Wind has wreaked havoc across Colorado over the past week, peaking at more than 100 mph in some areas across the Front Range. The powerful gusts have caused a variety of damage to trees, homes, and other buildings. Our office has been getting a lot of calls about trees falling on property owned by the Association or a neighboring Owner. So who pays for damage and/or removal costs from trees falling on neighboring property?
Generally, you should look to insurance obligations – what, if anything, was damaged? The person responsible for insuring the damaged component should file an insurance claim for repair of the damage. This doesn’t always mean it is the property owner who files the claim as a tree could, for example, hit the roof of a townhome owned by an Owner but insured by the Association. In that case, assuming the cost of repair exceeds the deductible, the Association should file a claim.
If nothing was damaged, then the person who owns the property upon which the tree fell should pay for the tree under the owner’s obligation to maintain/repair the property. And, if the owner has insurance for removal of debris and clean-up, the owner could file an insurance claim to cover the cost.
In both cases, negligence could shift liability for repairs or removal to the neighboring owner. If, for example, the association puts an owner on notice that a dead or diseased tree has to be removed, the owner fails to remove the tree, and the tree later falls on the association’s property, then the owner may be liable for repair or removal costs from the fallen tree. Otherwise, the incident is likely an “Act of God” (i.e., damage due to natural causes which could not be foreseen, or if foreseen, could not be reasonable guarded against), that should fall under the policy of the owner whose property was damaged.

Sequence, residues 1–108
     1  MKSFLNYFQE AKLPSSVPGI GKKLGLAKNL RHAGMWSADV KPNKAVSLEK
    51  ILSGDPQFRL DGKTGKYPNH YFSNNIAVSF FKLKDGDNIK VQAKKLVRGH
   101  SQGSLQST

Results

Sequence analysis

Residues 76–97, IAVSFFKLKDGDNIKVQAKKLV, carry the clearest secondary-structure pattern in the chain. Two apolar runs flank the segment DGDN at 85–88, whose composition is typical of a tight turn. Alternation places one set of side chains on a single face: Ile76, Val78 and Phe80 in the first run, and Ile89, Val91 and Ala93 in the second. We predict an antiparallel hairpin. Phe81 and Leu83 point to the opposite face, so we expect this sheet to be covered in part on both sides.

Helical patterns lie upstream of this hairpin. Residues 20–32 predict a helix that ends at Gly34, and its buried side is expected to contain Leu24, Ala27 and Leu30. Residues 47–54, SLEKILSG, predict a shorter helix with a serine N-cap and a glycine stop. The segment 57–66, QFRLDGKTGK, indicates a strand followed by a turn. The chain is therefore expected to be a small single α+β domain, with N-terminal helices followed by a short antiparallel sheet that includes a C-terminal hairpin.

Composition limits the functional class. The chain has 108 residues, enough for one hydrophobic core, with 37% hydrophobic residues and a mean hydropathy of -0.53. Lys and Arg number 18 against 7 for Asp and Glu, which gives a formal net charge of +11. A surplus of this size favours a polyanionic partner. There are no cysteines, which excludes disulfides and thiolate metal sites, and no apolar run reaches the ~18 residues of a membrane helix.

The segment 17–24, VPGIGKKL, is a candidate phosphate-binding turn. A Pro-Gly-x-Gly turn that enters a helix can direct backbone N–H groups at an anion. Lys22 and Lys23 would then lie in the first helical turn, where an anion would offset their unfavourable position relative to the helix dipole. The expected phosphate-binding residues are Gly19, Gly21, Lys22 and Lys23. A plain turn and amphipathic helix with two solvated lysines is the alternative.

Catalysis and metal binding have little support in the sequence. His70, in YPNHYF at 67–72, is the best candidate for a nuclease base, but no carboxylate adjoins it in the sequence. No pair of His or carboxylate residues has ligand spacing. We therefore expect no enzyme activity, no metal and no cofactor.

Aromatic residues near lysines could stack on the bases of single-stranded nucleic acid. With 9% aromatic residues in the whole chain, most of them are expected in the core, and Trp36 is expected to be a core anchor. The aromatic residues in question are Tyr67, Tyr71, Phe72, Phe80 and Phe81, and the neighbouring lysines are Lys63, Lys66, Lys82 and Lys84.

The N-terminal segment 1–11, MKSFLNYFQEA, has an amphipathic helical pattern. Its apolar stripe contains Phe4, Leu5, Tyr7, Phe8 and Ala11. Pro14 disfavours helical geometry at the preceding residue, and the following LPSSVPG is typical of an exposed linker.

Wind isn’t the only reason trees cause damage to neighboring property. In our article, What to Do When a Neighbor’s Tree Strays we explore other tree damage situations, such as encroaching tree branches and roots.